“Bambi Meets Godzilla”: The 1969 Student Film That Launched A Career

By on April 14, 2015

Bambi Meets Godzilla — Marv Newland’s now-classic 1969 student film — just might be one of the most famous short animated films ever made.


In the late 60s, Newland — born in 1947 in Oakland, California — had originally planned to take design classes at the Art Center College of Design in Los Angeles, but he switched his focus in order to make films instead.

His first project, a live-action film, proved to be too difficult to finish on time, so he spent two weeks working on a black-and-white animated short, Bambi Meets Gozilla, which he was able to make for less than $300. For its soundtrack he utilized the bucolic strains of “Call To The Dairy Cows” (A Ranz des Vaches), from Rossini’s opera William Tell (1829), a simple melody that was traditionally played on the horn by the Swiss Alpine herdsmen as they drove their cattle to or from the pasture.

Today, Newland still receives residuals from the sale of the cartoon which he has occasionally joked “ruined my career.”

There’s not much to say about the film except to possibly add that the sound you hear at the end, when Godzilla’s foot crushes down on Bambi (spoiler!!), is actually the final reverberating note heard in the Beatles’s “A Day in the Life”, from their 1967 LP Sgt. Pepper’s Lonely Hearts Club Band.


After graduating, Newland landed his first job right away, briefly working at SpungBuggy Works, Frank Terry’s L.A.-based commercial studio, where he designed animated TV commercials while learning the nuts and bolts of animation.

By the end of 1970, he was moving out of the U.S., to Toronto, Canada, where he was able to get freelance work as an animator.

He ended up working on a Canadian animated series called Super Joe (1971), as well as doing segments for PBS’s Sesame Street, among other projects. He then moved to Vancouver, Canada, and freelanced for a few more years before he ended up inking storyboards for Toonder Studios in Holland, for an animated series called Barbapapa (1973).

By 1975, he was directing his own films again, and founding his own animation studio, International Rocketship Limited.

Newland ended up making his own award-winning short animated films, including: Sing Beast Sing (1980), Anijam (1984), Hooray for Sandbox Land (1985), Black Hula (1988), Pink Komkommer (1991), Fuv (1999), and a few other films.

In 1985, Bambi Meets Godzilla was released theatrically as the lead in short to the film Godzilla 1985: The Legend Is Reborn.

Black Hula (1988)

Newland has continued to work in animation, moving over to producing and giving young animators their own shot at making their own mark in the world of animation. His International Rocketship  company has produced more than 20 short animated films as well as several animated sequences for television commercials — for MTV, Nickelodeon, and Locomotion — station IDs, and also produced two longer hour-long animated specials for CBS: Gary Larson’s Tales From The Far Side (1994) and its sequel, the imaginatively-named Gary Larson’s Tales From The Far Side II (1997).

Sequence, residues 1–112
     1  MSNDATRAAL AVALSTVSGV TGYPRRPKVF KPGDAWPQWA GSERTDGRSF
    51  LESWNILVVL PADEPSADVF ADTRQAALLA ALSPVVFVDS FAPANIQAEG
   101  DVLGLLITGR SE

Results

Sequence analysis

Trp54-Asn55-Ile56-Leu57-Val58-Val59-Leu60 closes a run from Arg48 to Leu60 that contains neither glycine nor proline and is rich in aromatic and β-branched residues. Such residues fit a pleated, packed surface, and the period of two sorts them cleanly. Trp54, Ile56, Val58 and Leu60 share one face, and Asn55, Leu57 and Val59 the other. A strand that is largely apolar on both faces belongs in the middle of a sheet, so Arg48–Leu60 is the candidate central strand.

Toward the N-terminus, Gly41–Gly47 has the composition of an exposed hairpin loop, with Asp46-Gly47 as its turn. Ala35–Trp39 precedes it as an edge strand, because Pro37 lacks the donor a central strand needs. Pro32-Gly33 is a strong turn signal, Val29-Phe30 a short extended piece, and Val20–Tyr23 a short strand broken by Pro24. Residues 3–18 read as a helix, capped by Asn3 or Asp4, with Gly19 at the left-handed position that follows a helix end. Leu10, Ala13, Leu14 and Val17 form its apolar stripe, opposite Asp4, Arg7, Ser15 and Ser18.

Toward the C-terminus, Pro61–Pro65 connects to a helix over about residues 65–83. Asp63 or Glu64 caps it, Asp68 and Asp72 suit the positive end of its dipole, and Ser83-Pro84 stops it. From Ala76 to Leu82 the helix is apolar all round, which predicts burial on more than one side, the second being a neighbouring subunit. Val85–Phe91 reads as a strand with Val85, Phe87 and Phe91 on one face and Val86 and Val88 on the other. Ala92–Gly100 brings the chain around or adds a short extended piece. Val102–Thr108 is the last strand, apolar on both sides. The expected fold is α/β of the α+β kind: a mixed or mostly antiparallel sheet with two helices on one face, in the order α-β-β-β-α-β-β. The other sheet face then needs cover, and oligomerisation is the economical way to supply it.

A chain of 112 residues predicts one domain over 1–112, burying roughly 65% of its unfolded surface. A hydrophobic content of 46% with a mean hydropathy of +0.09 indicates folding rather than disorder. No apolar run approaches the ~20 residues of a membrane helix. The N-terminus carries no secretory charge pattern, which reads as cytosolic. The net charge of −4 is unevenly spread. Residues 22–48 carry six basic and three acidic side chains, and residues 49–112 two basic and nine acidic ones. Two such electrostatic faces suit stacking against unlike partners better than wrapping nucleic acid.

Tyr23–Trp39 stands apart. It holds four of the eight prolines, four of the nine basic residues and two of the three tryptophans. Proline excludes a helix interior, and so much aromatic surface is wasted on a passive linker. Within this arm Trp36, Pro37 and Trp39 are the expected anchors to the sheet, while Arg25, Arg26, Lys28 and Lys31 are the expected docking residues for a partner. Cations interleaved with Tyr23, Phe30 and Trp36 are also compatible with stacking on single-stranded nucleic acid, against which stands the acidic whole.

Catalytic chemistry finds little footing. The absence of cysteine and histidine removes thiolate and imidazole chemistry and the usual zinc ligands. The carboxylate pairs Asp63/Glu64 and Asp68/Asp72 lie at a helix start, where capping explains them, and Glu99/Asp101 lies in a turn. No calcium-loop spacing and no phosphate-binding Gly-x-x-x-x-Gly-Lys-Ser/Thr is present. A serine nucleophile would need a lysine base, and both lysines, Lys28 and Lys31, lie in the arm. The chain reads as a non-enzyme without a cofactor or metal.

International Rocketship Ltd. has produced more animated short films in Canada than any other Canadian animation studio. Retrospectives of the company’s films have been held at international film and animation festivals, and they have won numerous awards.

And to think, it all started with a tw0-minute film: Bambi Meets Godzilla.


Newland — seen here in 2014 — has conducted animation workshops in Germany and France and is currently an animation instructor.

When asked “What advice do you have for students wanting to become animators? Any animation tips or wisdom you’ve learned over the years?,” Newland answered this way:

“Read books. Learn the history of your artform/occupation. Do not consider drawing/animating to be work. Observe nature. Listen to all types of music. Conserve your energy for your work. Stay out of bar fights. Avoid long prayers. If you conceive a child be damn sure it is an accident.”

Bonus: With all the reboots, revivals and sequels being churned out these days, filmmaker Scotty Fields — who makes monsters for a living — has produced something we thought Hollywood would have jumped on decades ago – a remake of Bambi Meets Godzilla in live-action!


About Bryan Thomas

Bryan Thomas has been a freelancing writer/critic for All Music Guide, and a contributor to Launch, Music Connection, Big Takeover and numerous other publications and entertainment websites, blogs and zines, most of them long gone. He's written more than sixty sets of liner notes. He’s also worked for over twenty years at mostly reissue record labels -- prior to that he worked in bookstores and record stores, going all the way back to the original vinyl daze. He lives in the Miracle Mile neighborhood of Los Angeles, CA.